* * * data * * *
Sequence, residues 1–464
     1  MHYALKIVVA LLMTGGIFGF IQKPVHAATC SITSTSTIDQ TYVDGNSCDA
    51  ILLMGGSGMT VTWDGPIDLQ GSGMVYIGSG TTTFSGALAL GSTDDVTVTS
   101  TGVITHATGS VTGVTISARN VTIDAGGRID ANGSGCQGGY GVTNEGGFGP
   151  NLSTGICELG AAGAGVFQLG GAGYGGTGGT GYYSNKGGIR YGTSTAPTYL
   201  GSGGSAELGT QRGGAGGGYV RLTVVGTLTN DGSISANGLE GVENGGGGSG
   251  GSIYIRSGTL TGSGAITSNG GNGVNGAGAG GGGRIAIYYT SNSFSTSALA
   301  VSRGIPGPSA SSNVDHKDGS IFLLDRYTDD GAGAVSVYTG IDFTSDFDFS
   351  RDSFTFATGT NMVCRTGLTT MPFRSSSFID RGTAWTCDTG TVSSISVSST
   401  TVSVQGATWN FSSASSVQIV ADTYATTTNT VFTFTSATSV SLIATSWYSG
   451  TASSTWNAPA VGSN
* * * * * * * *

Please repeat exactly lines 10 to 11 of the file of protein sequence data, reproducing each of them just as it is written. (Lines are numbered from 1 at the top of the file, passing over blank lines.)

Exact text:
   401  TVSVQGATWN FSSASSVQIV ADTYATTTNT VFTFTSATSV SLIATSWYSG
   451  TASSTWNAPA VGSN